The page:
Metal sometimes needs additional layers of protection to enhance resistances to chemicals, moisture, and abrasion. There are multiple different treatments that can provide protection, each best for different metals, environments, applications, and budgets. Options include processes like metal plating, powder coating, hardening, and anodizing.
What is Anodizing?
Anodizing is an electrochemical treatment process that makes aluminum surfaces more resistant to damage. The process also works with other non-ferrous metals, such as magnesium or titanium, but is most typically used on aluminum sheets and parts.
The anodization process changes the topmost surface layer of the aluminum into an oxidized layer that rebuffs further damage. This layer is one of the hardest materials available, second only to diamonds. Left completely bare, aluminum may corrode from contact with water, chemicals, and acids. While aluminum does have a good degree of innate resistance to corrosion due to a naturally forming oxide surface layer, that natural protection isn’t enough for many harsh industrial applications.
Aluminum is also vulnerable to scratches that can pierce through the oxidized layer and leave the metal exposed to damage. However, the enhanced oxidized layer provided by anodization makes the material much more resistant to both abrasion and corrosion.
For aluminum consumer goods and visible aluminum parts, anodizing has another key benefit: It creates an aesthetically pleasing surface. Manufacturers can further treat this surface with dyes and polish to create the finished appearance of their choosing.
What Does the Anodizing Process Entail?
Anodizing processes use chemical baths and electric currents to alter the surface of the aluminum. First, manufacturers submerge the aluminum components in a sulfuric acid bath. The acid erodes the surface and pulls positive ions out of the material through newly developed pores. At the same time, manufacturers attach electric charges to the metal and placed in the bath.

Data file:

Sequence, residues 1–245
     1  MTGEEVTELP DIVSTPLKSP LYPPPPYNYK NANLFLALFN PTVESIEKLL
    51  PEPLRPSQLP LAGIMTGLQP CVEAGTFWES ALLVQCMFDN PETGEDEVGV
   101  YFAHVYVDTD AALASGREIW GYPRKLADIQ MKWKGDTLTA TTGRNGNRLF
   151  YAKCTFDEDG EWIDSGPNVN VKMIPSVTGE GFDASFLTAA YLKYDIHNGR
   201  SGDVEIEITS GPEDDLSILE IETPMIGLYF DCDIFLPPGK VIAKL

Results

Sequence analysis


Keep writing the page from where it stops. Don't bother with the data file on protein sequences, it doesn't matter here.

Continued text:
Electrolytes are added to the acid bath as well because negative ions attach to metal. When the negatively charged dioxide molecules interact with untouched layers of aluminum, it starts to create aluminum oxide. The acid corrodes the metal to create a thick and controlled oxidized layer.
This new oxide layer is hard and permanent. Depending on the thickness, the layer can range from gray to black in color. However, it’s also very porous.
The second step of anodizing aluminum is sealing the new protective layer. Placing the aluminum parts in warm water will shrink the pores by hydrating the ions, creating a hard, finished surface layer. This opportunity may also be used to color the ceramic layer by adding dyes to the water. The pores will absorb the coloring along with the water before shrinking and setting.
What are the Benefits of Anodizing Aluminum?
Anodizing is one of the best treatment methods for making aluminum more resistant to physical and chemical damage. Some of the key benefits of anodizing aluminum include:
Aluminum is already a lightweight metal with a good strength-to-weight ratio. Anodized aluminum maintains its lightweight nature for more affordable, easier shipping.
Aluminum is one of the most easily repurposed and recycled metals. The anodizing process doesn’t impact the recyclability of the material, which makes it ideal for sustainable production that considers the full lifecycle of the product.